x=3t+2

x-2=3t

x-23=t

t = x-23

Substitute this expression into the second equation:

y=t^{2} – 7

y=((x-2)/3)^{2} – 7

y=((x-2)^{2}/9) – 7

y=(1/9)*(x-2)^{2} – 7

And there we have it! We may recognize this equation as the graph of a parabola that opens up with a vertex of (2, -7).

### Word problems involving parametric equations

A classic case of a word problem involving parametric equations is projectile motion. **Projectile motion** is the motion experienced by an object (or projectile) that is launched into the air with an initial velocity and follows a curved path subject only to the force of gravity. The path the object takes is called the **trajectory**.

Source: openstax.org

Projectile motion depends on two parametric equations:x = (v _{0}cos θ)ty = -16t ^{2}+ (v_{0}sinθ)t + hwhere v0 is the initial velocity the variable θ represents the angle at which the initial object is launched or thrown, and h is the height of the object when it is launched. |

#### Example

In a baseball game, a home team batter hits the ball at a speed of 117 feet per second at an angle that’s approximately 32° with the horizontal. The batter makes contact with the ball 3 feet above the ground. The ball travels to left field where there’s a green wall 37 feet high. The wall is 310 feet from home plate.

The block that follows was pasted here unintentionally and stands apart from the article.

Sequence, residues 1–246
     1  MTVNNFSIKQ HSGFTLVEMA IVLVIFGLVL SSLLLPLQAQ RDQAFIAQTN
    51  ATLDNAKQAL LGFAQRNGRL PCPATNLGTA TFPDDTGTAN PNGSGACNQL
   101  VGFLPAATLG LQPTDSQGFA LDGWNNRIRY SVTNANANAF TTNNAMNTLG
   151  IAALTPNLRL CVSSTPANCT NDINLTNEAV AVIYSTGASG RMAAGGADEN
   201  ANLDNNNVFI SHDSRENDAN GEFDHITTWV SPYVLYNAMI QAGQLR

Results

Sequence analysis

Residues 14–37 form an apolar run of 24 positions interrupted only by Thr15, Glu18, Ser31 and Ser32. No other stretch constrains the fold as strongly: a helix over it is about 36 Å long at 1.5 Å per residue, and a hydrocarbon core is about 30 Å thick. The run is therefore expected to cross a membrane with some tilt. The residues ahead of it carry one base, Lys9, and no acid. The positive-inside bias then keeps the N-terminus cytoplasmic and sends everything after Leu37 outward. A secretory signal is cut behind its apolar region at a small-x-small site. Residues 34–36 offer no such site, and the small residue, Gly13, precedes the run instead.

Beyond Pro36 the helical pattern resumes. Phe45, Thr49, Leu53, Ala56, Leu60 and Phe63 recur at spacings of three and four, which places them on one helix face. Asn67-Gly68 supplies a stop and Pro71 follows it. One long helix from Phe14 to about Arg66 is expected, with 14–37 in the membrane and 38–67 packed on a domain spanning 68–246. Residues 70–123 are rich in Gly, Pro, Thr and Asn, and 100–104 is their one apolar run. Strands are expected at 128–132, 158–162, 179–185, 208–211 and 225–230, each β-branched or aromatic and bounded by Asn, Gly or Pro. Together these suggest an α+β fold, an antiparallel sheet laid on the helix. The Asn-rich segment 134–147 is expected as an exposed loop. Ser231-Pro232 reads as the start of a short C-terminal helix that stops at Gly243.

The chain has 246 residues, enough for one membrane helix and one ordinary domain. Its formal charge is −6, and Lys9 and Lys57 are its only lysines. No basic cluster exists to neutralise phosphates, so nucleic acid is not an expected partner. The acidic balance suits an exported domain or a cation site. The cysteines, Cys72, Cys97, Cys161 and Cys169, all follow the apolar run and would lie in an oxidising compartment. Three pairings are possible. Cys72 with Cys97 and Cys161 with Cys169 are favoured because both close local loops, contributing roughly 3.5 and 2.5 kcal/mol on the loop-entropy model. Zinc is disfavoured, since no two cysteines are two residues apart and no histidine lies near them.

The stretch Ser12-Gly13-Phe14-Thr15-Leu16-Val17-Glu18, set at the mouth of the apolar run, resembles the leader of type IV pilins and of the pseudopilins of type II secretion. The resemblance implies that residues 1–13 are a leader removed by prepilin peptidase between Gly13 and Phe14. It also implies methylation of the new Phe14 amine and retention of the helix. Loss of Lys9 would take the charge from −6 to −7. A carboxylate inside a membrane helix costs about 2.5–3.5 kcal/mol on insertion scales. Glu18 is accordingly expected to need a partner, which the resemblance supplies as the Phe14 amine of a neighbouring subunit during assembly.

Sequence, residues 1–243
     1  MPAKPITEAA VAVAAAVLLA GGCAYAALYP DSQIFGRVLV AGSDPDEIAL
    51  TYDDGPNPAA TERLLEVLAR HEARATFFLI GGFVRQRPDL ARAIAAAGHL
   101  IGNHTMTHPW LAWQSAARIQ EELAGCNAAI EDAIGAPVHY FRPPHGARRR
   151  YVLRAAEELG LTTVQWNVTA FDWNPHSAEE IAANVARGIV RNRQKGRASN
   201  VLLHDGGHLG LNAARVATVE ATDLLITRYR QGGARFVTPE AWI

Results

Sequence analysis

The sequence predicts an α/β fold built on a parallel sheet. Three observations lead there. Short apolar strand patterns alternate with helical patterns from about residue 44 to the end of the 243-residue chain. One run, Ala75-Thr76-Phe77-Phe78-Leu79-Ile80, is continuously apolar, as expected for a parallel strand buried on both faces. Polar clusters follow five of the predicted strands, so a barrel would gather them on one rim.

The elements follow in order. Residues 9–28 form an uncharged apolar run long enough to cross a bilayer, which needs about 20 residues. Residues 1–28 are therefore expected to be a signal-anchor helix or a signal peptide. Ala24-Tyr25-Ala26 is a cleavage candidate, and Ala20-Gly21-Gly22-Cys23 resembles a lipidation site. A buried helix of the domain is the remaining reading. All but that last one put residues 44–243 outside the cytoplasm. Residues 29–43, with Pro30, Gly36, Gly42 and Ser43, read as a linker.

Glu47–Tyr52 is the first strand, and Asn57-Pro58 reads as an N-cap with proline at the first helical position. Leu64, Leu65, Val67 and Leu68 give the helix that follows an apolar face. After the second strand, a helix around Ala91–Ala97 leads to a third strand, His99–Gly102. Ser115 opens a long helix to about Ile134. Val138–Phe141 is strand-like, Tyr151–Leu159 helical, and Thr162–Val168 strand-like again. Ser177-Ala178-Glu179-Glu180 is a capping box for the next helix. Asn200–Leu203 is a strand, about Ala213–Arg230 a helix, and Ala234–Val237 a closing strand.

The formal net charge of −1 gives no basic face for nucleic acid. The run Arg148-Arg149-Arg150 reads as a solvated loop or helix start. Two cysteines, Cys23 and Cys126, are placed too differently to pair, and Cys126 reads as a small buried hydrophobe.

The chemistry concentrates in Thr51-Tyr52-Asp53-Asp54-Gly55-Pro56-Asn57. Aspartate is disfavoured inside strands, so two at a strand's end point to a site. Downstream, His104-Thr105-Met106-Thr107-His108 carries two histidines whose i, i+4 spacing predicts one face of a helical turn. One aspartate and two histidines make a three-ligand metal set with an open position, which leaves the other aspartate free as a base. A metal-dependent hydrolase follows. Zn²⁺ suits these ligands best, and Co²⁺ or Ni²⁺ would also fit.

- Where is the ball at time
*t*= 1 second? - Does the ball clear the wall? In other words, is the hit a home run?

**Solution**

First, we’ll write the parametric equations that represent this situation. Using the models from the box above, we can identify the variables: v0=117, h=3, and is 32°. So our parametric equations are:

x=(117 cos 32)t

y = -16t^{2}+ (117sin32)t + 3

- To find where the ball is at
*t*= 1 second, we simply plug our value of*t*into both equations.

x=(117 cos 32)(1)

x = 99.2

y = -16t^{2}+ (117sin32)t + 3

y = -16(1)^{2}+ (117sin32)(1) + 3

y=49.0

At 1 second, the ball is about 99 feet from home plate and 49 feet in the air.

2. Since the wall is 310 feet from home plate, to figure out if the ball will clear the left field wall, we will figure out how high the ball is when *x* is equal to 310 feet. So, we’ll set our *x* equation equal to 310, solve for *t*, then plug that value into the *y* equation to see how high the ball is at that time.

x=(117 cos 32)t

310=(117 cos 32)t

310/117cos32 = t

t = 310/117cos32 = 3.12 seconds.

Now, plug in *t* = 3.12 seconds into the *y* equation to see if the height of the ball at that time is higher than the 37 foot left field wall.

y = -16t^{2}+ (117sin32)t + 3

y = -16(3.12)^{2}+ (117sin32)(3.12) + 3

y=40.7 feet.

Indeed, this hit clears the 37 foot left field wall! It’s a home run! Go Red Sox!

Parametric equations have their uses for sure! Hopefully, this lesson helped you get a jump on parametric equations!

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**About the author:**

Jean-Marie Gard is an independent math teacher and tutor based in Massachusetts. You can get in touch with Jean-Marie at https://testpreptoday.com/.